Grahame said the website, which offers heavy discount to audiences who might not otherwise go to comedy clubs, was a ‘relevant point of a digital age and none of us can legislate against it’.


Echoing his recent Correspondents piece on the subject Lewis Schaffer said: ‘The booker is at odds with the needs of the comedian. Comedians want to work for as much money as we can as often as we can. Promoters make a business out of paying comedians as little as you can.’

This brought an eruption of protest from the promoters who shouted that was absolutely not the case. Woroniecki said: You run a club because you like comedy and like comedians, not because you want to rip them off.’


Brendan Dempsey stated that many of his fellow comics played it too safe because they were more interested in getting on TV than having a live career,

Grahame agreed, saying: ‘Stand-up is seen as a springboard into a sitcom. We should be proud of the form. When it’s done well then there's nothing better.’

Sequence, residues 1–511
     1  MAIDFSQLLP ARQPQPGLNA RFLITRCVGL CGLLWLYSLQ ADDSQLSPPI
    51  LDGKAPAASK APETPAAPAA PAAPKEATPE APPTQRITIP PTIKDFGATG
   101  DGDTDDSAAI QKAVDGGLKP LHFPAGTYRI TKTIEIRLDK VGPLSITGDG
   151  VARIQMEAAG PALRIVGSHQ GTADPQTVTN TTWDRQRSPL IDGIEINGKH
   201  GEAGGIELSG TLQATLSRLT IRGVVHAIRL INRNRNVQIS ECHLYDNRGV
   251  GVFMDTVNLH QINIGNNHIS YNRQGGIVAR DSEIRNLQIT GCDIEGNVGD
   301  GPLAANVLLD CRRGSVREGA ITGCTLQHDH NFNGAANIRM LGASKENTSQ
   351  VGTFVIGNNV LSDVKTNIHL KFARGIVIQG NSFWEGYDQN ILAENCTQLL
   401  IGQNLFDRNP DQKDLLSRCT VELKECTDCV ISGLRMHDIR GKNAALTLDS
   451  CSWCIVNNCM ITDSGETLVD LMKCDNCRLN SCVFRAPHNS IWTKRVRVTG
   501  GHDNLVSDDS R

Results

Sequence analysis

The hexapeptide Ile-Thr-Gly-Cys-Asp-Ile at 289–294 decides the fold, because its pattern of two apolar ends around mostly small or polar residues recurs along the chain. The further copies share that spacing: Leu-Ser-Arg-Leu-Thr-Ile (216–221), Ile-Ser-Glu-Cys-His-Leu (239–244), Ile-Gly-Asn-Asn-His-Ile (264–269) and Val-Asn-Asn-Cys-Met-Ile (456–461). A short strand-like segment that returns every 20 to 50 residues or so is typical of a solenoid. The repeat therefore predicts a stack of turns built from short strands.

But he admitted audiences would often only see famous names, conceding: “Provincial theatres can't sell a show without an act with the billing 'as seen on TV.’ Yet he said that was not a consideration when booking his gigs: ‘Agents at Avalon telling me their act has done 5 minutes on Russell Howard makes no difference for me. The excitement of this medium is standing entertaining people in a room, no different from Eric and Ernie, its sharing laugher".

Schaffer added that clubs should be bolder in booking acts, as there was a plentiful supply of more interesting comics – even if that meant promoters having to take a risk that a comedian might fail. ‘Right now what you're looking for is not someone who stinks up your show, but the only way people will go to these shows is if something amazing happens,’ he said.